Preheat oven to 350 degrees and grease a bundt pan.  In a medium bowl, whisk the flour, salt and baking powder together until evenly incorporated and set aside. Using an electric mixer, beat the eggs, milk, sugar, oil and lemon zest on medium speed until evenly combined, abut 2 minutes.  Switch to low speed and slowly beat in the dry ingredients until combined. Pour the batter into the prepared pan. Bake for 35-40 minutes, or until a toothpick or cake-taster inserted in the center of the cake comes out clean. Cool on a rack for 10 minutes, then remove from the pan and cool to room temperature. Sprinkle with confectioners’ sugar prior to serving. Buon appetito!

 

 

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One Response to %2$s

  1. Sammy January 19, 2014 at 4:22 pm #

    Beautiful piece Michelle, she’d have loved to have read it, laughing and crying at the same time and I am sure would have enjoyed the cake. What a brilliant way to eulogise. It’s funny our neighbour who comes back in the summer talks about the joy in the past too when there was nothing that she feels is missing these days.

  2. Gian Banchero January 19, 2014 at 4:38 pm #

    I’m very sorry for your family’s loss, we all have our “Eva” in Italy that are not only family historians but a link to our treasured past. When I first traveled to Italy fifty years ago I made it a point to not only interview the family’s ancients but also record them (also with family in the States), the result has been at family gatherings the young members not only hear stories about a long gone relative but have the chance to hear first hand from that dear person… Thank you for relating Eva’s story to us, it is very caro – dear.

  3. Helen January 19, 2014 at 6:30 pm #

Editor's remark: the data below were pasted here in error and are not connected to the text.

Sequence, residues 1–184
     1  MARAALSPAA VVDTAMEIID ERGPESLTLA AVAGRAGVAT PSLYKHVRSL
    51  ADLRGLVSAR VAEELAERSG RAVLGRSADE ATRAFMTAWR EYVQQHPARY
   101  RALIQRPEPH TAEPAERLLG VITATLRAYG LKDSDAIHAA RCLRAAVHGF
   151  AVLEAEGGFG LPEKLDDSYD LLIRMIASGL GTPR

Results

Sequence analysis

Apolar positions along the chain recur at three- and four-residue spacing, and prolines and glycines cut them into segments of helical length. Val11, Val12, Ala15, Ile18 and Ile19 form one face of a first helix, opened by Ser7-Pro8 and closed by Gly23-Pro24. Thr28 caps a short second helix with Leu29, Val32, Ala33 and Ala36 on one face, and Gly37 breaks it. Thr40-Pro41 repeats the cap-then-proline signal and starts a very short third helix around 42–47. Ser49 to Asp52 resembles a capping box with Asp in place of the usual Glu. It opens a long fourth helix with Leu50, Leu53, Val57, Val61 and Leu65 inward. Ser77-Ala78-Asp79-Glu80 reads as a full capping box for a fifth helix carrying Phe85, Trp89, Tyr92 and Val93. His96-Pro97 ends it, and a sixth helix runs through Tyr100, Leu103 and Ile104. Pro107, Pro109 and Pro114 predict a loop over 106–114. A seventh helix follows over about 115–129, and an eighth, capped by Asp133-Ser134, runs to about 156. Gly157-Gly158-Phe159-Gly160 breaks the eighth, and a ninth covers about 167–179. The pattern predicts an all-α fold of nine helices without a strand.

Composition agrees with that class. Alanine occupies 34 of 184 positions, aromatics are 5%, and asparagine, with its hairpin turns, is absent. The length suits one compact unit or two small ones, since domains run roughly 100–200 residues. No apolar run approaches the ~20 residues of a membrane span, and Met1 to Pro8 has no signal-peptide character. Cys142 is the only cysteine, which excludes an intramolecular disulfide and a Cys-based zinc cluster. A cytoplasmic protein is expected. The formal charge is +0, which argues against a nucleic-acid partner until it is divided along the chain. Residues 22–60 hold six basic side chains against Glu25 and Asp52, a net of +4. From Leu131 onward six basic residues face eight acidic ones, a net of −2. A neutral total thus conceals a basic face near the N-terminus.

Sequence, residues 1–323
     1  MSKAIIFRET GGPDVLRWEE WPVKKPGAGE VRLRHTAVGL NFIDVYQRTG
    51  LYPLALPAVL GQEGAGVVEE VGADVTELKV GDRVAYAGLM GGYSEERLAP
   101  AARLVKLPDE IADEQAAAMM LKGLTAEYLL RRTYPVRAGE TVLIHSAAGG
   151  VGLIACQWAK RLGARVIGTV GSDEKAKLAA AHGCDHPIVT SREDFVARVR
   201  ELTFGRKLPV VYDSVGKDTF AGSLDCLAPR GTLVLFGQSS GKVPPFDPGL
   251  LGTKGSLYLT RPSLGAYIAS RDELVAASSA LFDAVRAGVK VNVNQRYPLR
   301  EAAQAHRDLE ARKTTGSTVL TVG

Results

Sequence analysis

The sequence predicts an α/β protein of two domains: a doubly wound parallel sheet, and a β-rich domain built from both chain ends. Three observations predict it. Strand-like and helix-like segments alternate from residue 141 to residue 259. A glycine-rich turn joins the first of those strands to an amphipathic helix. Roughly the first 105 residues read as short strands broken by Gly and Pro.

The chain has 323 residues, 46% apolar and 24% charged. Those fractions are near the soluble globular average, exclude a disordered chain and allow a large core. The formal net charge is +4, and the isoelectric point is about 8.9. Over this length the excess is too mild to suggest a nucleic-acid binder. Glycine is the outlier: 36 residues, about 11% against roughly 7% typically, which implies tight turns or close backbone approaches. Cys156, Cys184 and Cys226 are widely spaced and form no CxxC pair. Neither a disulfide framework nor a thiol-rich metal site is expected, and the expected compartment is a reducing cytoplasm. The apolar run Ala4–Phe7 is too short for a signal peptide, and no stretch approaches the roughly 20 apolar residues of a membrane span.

We turned our grief over losing our Abruzzese matriarch into a way to honor her. Think about having a plaque made perhaps with a key on it and mounting in a special place in Salle. Maybe a tree planted in her memory as well. Though Giulia’s cake does the trick, too.
    Thank you for sharing her dear story of devotion to family.

  4. Julie DiBenedetto January 19, 2014 at 6:43 pm #

    I am sorry for your loss she sounded as though she was a wonderful person, I am married into the DiBenedetto family. My father in-law I believe was a cousin to Eva. His name is Dante DiBenedetto his mother was Antoniette (Morante) Dibenedetto. He was related to Eva on his mothers side. We talked tonight about Eva he remembers that she was a beautiful child, he only met her as a child ,as he came over to the U.S when he was still a child. I love to hear about my father in-laws childhood he speaks of it and his family with great happiness. I’m not Italian but I will try and make the cake you posted for Eva, maybe with a little help from grandpa Dante <3

  5. Ciao Chow Linda January 19, 2014 at 6:53 pm #

    Michelle – I am so sorry for your loss. One by one, as we see our elderly Italian relatives pass on, we mourn not just the person, but our heritage. I imagine that you have wonderful memories of Eva and perhaps you could write them down and make a book of them with recipes and photos, to keep her memory alive for future generations. She sounds like she was a loving person and I know you’ll miss her.

  6. Louisa January 20, 2014 at 3:09 am #

    So sorry for your loss. What a beautiful post. x

  7. domenicacooks January 20, 2014 at 9:38 am #

    I’m so sorry to hear about Eva’s passing, Michelle. This is a lovely tribute, and she lives on in your memory. The keys! I’ll bet they were the old-fashioned kind, too; the big iron ones.

  8. Laney (Ortensia Blu) January 20, 2014 at 10:24 am #

    What a beautiful tribute and such warm and special memories…so sorry for your loss.

  9. Frank @Memorie di Angelina January 26, 2014 at 9:27 am #

    So very sorry for your loss, Michelle! What a wonderful tribute to a very special person.